IN THE HIGH COURT OF DELHI AT NEW DELHI
JUHI CHAWLA & ORS Vs SCIENCE AND ENGINEERING RESEARCH BOARD & ORS
Date of Decision: 4th June, 2021
ACTS: Sec 80 of Code of Civil Procedure and Sec 34 of Specific Relief Act, Read with Court Fees Acts
CS(OS) 262/2021 & I.A. Nos.6904/2021, 6906/2021, 6907/2021, 6908/2021
JUHI CHAWLA & ORS. ….. Plaintiffs
Through:Mr. Deepak Khosla, Advocate for plaintiffs along with Ms. Juhi Chawla Mehta, plaintiff No.1 and Mr.
Veeresh Malik, plaintiff No.2
SCIENCE AND ENGINEERING RESEARCH BOARD & ORS. ….. Defendants
Through:Mr. Tushar Mehta, SGI with Mr. Amit Mahajan CGSC, Mr. Kanu Aggarwal and Mr. Dhruv Pande, Advocates for
D-2/DoT/UOI Mr. Anurag Ahluwalia, CGSC with Mr. Abhigyan Siddhant and Mr. Nitnem Singh Ghuman, Advocates for D-
7/Indian Council of Medical Research Association of India
CORAM: HON’BLE MR. JUSTICE J.R. MIDHA
I.A. No. 6905/2021 under Section 149 of CPC
1. The plaintiffs have affixed Court-fees of Rs.1,950/- on the plaint on the ground that the plaintiffs intend to challenge the Court-fees Act. According to the plaintiffs, if the justice dispensation system requires around 15-20 years for settlement of a suit, the Court has lost the moral as well as legal right to require the Court-fees to be paid upfront at the beginning of the suit. The plaintiffs further intend to challenge the Court-fees Act in terms of the original intent of the Act being to recoup the costs for administration of justice, whereas the present system is such that the inflow of the Court-fees far exceeds the amount spent by the State on providing the infrastructure to dispense justice. Relevant portion of the application is reproduced hereunder:
“3. That the suit has been filed by affixing court fees of Rs. 1,950 for the present, and the plaintiffs / applicants seeks time to deposit the balance (if any).
4. That it is also their intent to challenge the Court Fees Act on the grounds, inter alia, that if the justice dispensation system requires around 15-20 years for settlement of a suit, it has lost the moral as well as legal right to require the court fees to be paid upfront at the beginning of the suit.
5. That it is also their intent to challenge the Court Fees Act in terms of the original intent of the Act being to recoup the costs for administration of justice, whereas the present system is such that the inflow of fees far exceeds the amount spent by the State on providing the infrastructure to dispense justice.
6. That under these circumstances, if the court fee be found short, this Hon’ble Court may be pleased to record the undertaking of the plaintiffs to pay whatever be the appropriate court fee within four weeks of this Hon’ble Court granting time to do so, or within 4 weeks of losing their challenge to the Court Fees act (if he loses), whichever be later.
In view of the aforesaid facts and circumstances, it is prayed that this Hon’ble Court may be pleased to :
(a) Allow this application, and grant appropriate time to the plaintiff to pay the full Court Fees as may be applicable to the matter (if the Court Fees paid at all be short).
(b) Allow that the time to be fixed by this Hon’ble Court be fixed keeping in mind the challenge to be raised to the Court Fees Act.”
2. The plaintiffs seek time to pay the Court-fees under Section 149 read with Section 148 of CPC because of COVID-19 constraints and Plaintiff No. 1’s visit to South Africa on or around 26th May, 2021.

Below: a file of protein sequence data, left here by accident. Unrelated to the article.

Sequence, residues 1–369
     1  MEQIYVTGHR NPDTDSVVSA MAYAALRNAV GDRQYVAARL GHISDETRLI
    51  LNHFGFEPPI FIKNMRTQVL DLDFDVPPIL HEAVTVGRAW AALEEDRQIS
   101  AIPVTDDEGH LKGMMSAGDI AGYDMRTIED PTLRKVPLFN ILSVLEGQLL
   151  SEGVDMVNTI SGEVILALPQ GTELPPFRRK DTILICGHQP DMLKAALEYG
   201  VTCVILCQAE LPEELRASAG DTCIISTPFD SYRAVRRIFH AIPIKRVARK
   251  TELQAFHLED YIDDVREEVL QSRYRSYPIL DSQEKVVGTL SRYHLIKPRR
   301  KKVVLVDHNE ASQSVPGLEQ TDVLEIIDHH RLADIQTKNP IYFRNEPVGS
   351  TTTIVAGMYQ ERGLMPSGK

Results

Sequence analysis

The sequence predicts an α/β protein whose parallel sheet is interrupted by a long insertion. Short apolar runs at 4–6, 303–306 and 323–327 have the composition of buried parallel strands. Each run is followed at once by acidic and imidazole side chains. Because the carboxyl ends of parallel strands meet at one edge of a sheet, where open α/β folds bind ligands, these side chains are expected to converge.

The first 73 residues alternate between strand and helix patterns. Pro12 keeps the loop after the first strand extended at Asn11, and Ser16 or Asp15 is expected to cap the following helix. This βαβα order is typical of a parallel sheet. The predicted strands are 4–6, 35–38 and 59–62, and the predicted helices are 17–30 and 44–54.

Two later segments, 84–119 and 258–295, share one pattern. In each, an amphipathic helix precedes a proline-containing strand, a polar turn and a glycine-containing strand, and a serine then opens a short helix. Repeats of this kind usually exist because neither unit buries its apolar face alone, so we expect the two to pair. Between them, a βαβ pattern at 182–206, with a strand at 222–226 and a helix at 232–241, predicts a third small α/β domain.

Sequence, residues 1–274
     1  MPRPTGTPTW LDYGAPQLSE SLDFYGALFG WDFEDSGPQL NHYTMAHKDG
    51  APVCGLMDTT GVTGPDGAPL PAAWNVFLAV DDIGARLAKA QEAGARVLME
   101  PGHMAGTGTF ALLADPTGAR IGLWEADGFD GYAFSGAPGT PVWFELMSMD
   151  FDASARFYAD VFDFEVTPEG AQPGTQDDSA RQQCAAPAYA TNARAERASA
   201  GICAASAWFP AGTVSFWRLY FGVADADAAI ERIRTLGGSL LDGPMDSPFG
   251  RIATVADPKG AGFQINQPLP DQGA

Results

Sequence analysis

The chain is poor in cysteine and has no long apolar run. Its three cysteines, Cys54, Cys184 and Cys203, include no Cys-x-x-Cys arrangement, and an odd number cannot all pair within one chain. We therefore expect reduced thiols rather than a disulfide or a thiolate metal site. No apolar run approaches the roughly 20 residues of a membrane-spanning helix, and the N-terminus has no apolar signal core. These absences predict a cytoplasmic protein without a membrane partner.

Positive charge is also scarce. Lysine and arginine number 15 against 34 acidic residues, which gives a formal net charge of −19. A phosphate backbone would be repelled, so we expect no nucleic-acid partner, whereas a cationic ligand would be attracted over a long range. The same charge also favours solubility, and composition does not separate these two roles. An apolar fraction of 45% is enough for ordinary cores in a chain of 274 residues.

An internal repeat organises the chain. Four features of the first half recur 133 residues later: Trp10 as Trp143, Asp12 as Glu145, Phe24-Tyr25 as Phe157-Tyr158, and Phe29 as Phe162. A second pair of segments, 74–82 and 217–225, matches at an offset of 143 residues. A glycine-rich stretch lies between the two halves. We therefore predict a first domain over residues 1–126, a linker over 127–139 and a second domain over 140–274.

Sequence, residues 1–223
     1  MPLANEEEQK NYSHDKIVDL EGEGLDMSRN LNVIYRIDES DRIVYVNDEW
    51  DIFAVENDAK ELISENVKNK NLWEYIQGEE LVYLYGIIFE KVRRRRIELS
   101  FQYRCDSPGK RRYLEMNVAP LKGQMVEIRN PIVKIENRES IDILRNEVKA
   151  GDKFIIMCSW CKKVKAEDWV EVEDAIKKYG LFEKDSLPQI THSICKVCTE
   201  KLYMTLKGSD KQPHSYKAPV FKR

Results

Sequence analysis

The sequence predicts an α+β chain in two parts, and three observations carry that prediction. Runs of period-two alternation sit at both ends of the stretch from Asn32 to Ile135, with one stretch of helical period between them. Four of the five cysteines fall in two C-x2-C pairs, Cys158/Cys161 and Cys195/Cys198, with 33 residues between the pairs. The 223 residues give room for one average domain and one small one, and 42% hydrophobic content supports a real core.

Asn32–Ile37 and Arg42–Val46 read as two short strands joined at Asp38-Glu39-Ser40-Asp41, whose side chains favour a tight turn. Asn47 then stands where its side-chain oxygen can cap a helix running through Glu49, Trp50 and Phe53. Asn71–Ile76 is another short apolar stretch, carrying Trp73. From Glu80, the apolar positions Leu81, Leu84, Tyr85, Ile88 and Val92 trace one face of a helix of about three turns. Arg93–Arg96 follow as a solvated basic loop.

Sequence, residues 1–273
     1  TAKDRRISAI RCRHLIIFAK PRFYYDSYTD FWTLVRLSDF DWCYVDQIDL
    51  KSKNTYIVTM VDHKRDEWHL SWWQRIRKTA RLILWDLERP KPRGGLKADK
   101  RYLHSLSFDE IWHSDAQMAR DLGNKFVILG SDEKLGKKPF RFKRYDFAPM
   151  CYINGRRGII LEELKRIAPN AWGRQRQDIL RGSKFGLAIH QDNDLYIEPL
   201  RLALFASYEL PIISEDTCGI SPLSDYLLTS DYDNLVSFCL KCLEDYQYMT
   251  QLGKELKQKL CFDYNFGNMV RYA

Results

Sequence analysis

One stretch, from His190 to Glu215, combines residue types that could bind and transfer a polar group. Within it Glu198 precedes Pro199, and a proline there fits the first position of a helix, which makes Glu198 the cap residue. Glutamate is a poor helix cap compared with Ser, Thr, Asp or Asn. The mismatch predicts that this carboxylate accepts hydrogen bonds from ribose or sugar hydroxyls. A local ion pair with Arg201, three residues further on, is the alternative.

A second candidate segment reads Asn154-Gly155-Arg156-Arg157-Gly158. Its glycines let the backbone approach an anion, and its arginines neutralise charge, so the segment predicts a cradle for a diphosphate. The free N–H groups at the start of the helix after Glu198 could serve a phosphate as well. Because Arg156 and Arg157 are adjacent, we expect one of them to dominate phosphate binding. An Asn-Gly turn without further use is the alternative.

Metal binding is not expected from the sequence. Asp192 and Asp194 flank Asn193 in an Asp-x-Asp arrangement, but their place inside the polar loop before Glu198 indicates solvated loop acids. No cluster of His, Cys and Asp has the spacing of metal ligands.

3. Since the quantum of Court-fees quantified by the plaintiffs in para 147 of the plaint (at Rs. 12,210) may, perhaps, also be called into question (namely, as to how, in any case, the Court-fees cannot be less than Rs. 2 lakhs, especially since, at para 164, the suit has been valued by the plaintiffs themselves at Rs. 2 crores), the plaintiffs are ready to immediately file elaborate Written Submissions on this aspect, if required by this Court to do so.
4. Without this becoming an issue at this stage, and subject to their rights being permitted by this Court to stand preserved, the plaintiffs undertake to pay whatever Court-fees is required by the Registry to be paid, under directions of this Court after reading the Written Submissions to be filed herein, in the time to be stipulated by this Court.
5. This Court, while allowing the application and granting deferment for whatever period of time this Court deems fit, may make it clear that the quantum of Court-fees is yet to be decided by this Court, thereby allowing fair opportunity to the plaintiffs to present their arguments on this point in due course.
6. Nonetheless, if this Court wishes, the plaintiffs agree to pay whatever Court-fees as may be directed by this Court, subject to preservation of all their rights and contentions by this Court.
7. The resolution of this particular issue, if in favour of the plaintiffs, shall be a landmark judgment by this Court, as it is their respectfully-submitted contention that it is an erroneous proposition in law to hold that Court-fees is payable on either the value of relief claimed, or the pecuniary jurisdiction of the Court, whichever is higher; it is their case that the Court-fees is to be paid only on the value of the relief claimed, independent of the valuation of the suit for the purposes of pecuniary jurisdiction.
8. The plaintiffs have valued the suit for purpose of jurisdiction at Rs.2 Crore. The law is well settled that the valuation of the suit for the purpose of jurisdiction and Court-fees has to be same. In that view of the matter, the plaintiffs are liable to pay Court-fees of Rs.1,97,544/- on the plaint. As such, there is deficiency of the Court-fees of Rs.1,95,594/- by the plaintiffs.